Reward True Stories: How to get more for less in the off-season
Lina Qvale has forty different countries on her bucket list and, if she can, she prefers to travel in the off-season. Here’s why…
You don’t need to wait until peak travel season, and you don’t need to wait for a travelling companion, either. Just travel when you want, and travel alone.
Waves are all I need
Waves are all Lina needs. She can find them all year round, all she needs to do is get on a plane.
“I usually travel in the off-season,” the 32 year old tells us, “then I get the best of both worlds.”
Her full-time job as an engineer doesn’t stop her from squeezing in at least four or five surfing trips a year. To pull that off, she happily gives up her place in the queue to colleagues with children when holidays from work are being booked.
Working during the high-season
“I only have the typical 25 days holiday, but I usually offer to work through the summer, so that I can go surfing during the winter,” says Lina.
It’s the dream of waves beneath her surfboard that calls Lina abroad, and Portugal has been our surfer’s favourite destination these past few years.
Lina manages to fit in one surfing trip in late autumn and another one in January. And with Lisbon’s 290 days of sunshine a year, it’s the perfect setting for those who enjoy the beach and the waves.
Autumn is perfect for surfing
Lina recommends the autumn for off-season travelling, especially in Portugal.
“My favourite time of the year is September-October. The great majority of tourists have taken their annual leave by then, and the Portuguese have grown fed up with life on the beach,” she smiles. The temperature is comfortable, often around 25 degrees Celsius, and the strong northerly winds that blow throughout the summer have diminished. “So for surfing and life on the beach, this is the optimal time for me,” says Lina.
Lina sees only benefits with off-season travel. “First and foremost, flights are cheaper,” she asserts. “That gives you more to spend on other things. And then there are fewer people at the typical tourist resorts, so it’s even easier to make contact with those who actually are there.”
Lina started travelling at a young age. Her parents were very fond of travel and always took the kids with them, even when they were very small. Since the age of 19 she has travelled a lot on her own, and that has never been a problem for her.
“I either travel with a girlfriend, or I travel alone. No problem.” she stresses. “It’s much easier to make contact with people when you travel alone. And there are lots of other people who travel alone, too.” she adds.
Cheaper hotels and cars
When travelling in the off-season most things are cheaper. You can travel more for less.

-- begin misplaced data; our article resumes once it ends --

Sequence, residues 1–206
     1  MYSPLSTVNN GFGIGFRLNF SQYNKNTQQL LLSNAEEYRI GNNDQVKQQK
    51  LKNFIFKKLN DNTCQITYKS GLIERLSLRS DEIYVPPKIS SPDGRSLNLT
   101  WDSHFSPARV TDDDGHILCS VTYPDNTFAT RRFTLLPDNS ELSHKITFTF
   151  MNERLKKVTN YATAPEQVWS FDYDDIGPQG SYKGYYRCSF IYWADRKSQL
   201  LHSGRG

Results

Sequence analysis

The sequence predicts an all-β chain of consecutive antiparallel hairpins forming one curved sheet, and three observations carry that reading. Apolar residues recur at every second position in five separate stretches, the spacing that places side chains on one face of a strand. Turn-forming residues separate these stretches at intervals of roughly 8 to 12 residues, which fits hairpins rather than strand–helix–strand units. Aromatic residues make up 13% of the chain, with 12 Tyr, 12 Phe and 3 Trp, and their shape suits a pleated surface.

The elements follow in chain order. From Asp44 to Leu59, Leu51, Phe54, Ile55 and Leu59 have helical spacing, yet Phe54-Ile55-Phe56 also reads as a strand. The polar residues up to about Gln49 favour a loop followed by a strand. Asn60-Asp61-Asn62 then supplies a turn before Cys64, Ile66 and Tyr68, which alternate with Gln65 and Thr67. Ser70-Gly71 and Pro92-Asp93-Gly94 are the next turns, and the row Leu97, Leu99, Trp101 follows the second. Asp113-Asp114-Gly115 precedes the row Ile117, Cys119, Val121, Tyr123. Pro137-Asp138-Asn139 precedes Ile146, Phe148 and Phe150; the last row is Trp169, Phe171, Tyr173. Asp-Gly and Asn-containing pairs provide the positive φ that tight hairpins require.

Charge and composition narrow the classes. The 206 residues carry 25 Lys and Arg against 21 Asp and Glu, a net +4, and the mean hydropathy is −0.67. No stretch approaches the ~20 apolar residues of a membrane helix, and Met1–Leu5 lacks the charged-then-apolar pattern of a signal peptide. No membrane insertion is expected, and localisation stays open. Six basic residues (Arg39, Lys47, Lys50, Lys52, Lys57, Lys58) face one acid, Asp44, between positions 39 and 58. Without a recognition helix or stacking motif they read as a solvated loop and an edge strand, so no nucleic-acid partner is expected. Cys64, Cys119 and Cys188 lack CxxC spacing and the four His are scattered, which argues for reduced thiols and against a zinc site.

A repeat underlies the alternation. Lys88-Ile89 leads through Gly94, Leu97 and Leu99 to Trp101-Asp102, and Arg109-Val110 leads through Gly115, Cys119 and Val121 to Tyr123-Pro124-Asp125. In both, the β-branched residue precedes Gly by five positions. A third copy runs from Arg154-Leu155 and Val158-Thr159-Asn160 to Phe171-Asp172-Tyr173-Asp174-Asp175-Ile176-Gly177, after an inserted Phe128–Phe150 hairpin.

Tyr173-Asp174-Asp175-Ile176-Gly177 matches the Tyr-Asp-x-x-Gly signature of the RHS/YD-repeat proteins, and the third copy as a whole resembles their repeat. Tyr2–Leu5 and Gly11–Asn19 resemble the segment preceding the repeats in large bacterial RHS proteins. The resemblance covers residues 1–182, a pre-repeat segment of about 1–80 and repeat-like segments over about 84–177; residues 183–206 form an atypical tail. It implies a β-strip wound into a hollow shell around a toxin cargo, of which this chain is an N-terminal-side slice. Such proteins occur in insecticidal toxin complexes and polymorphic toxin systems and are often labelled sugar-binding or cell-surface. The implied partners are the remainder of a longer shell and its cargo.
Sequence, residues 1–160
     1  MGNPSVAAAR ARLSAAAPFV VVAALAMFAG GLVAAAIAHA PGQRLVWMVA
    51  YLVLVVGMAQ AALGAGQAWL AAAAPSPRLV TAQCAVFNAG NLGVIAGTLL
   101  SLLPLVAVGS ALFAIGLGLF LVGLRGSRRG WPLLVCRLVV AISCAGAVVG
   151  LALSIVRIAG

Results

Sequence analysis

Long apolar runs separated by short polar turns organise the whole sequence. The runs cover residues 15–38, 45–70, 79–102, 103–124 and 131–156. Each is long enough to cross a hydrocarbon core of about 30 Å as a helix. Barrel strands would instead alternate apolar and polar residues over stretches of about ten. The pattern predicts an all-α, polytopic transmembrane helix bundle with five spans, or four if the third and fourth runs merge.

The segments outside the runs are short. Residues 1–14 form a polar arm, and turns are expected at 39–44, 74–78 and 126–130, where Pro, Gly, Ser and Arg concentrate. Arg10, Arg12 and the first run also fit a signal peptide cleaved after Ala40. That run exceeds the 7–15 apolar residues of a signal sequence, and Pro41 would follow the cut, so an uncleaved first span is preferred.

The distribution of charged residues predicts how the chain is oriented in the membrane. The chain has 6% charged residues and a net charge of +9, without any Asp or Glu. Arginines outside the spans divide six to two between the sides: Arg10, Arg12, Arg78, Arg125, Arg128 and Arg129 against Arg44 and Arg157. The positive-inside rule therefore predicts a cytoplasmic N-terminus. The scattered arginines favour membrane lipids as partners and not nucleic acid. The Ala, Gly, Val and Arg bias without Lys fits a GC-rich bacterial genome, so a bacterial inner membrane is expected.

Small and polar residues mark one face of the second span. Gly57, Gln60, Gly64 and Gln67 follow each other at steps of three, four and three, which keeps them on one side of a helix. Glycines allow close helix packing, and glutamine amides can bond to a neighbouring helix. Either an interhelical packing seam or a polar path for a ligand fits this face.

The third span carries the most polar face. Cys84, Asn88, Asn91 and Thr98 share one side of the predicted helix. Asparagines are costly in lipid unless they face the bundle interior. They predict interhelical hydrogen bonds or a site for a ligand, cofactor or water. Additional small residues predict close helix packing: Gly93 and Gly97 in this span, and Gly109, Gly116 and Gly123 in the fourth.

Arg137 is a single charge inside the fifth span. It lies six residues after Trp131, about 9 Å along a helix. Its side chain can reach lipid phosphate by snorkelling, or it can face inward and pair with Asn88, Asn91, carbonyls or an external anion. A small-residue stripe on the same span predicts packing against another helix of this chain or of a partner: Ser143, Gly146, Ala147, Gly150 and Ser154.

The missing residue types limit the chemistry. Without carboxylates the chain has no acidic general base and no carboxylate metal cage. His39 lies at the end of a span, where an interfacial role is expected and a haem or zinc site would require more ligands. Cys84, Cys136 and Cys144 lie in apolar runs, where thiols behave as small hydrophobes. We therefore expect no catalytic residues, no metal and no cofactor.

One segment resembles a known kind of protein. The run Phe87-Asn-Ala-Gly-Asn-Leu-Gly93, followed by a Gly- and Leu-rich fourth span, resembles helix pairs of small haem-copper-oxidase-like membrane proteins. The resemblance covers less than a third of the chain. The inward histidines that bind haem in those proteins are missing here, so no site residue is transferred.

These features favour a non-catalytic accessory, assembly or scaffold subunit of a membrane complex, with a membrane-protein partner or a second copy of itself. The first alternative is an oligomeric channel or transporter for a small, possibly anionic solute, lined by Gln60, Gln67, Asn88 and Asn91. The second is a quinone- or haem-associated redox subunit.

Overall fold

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Takes things as they come
In some cases you might think it would be necessary to plan ahead that little bit extra. But Lina is quite happy doing the opposite,”I have to book flights, of course, but then I just set off and see what happens on the way,” the globetrotter reveals. “I have been on trips where I have had no idea what I was going to do, and they have proven to be very enjoyable trips indeed,” she says.
Her passion earns her CashPoints
Lina flies a lot with Norwegian and also makes sure that she collects all the CashPoints she can while travelling. She’s now well on her way to earning points for her next trip, “Because most of my CashPoints were spent on this autumn’s Portugal trip,” she laughs.
Lina’s surfing tips for the Lisbon area
Lina has lived and worked in Cascais, a pleasant half an hour’s train journey from Lisbon, and recommends her former place of work, the Surf Cascais school of surfing. “Surf Cascais is a school where the primary focus is teaching people how to surf properly. South and west-facing beaches are easily accessible in Cascais, so if the waves are too big on the west coast, you go to a south-facing beach for smaller waves,” Lina informs us.
On the west coast there’s a beach called Guincho. It’s located in a nature reserve at the foot of the hills of Sintra. “This is probably one of the loveliest places I know, and it’s right next to Cabo da Rocha, which is mainland Europe’s westernmost point,” says Lina.
“In addition to Guincho, there are lots of other great surfing beaches on the west coast around Cascais and Sintra, but you’ll need your own gear then, together with a little practical experience,” she advises.
“One very popular beach is Carcavelos. It’s south facing and offers protection from the swell that often comes from the west. Carcavelos is only about 20 minutes from Lisbon and 10 minutes from Cascais. Between Cascais and Carcavelos there are lots of places where you can surf, but again, you’ll need your own gear at most of them.
All in all, whether you’re a surfing fanatic like Lina, an urban explorer, a sun-worshipper or just simply someone who likes to travel on a budget, taking trips in the off-season definitely gets you more bang for your buck.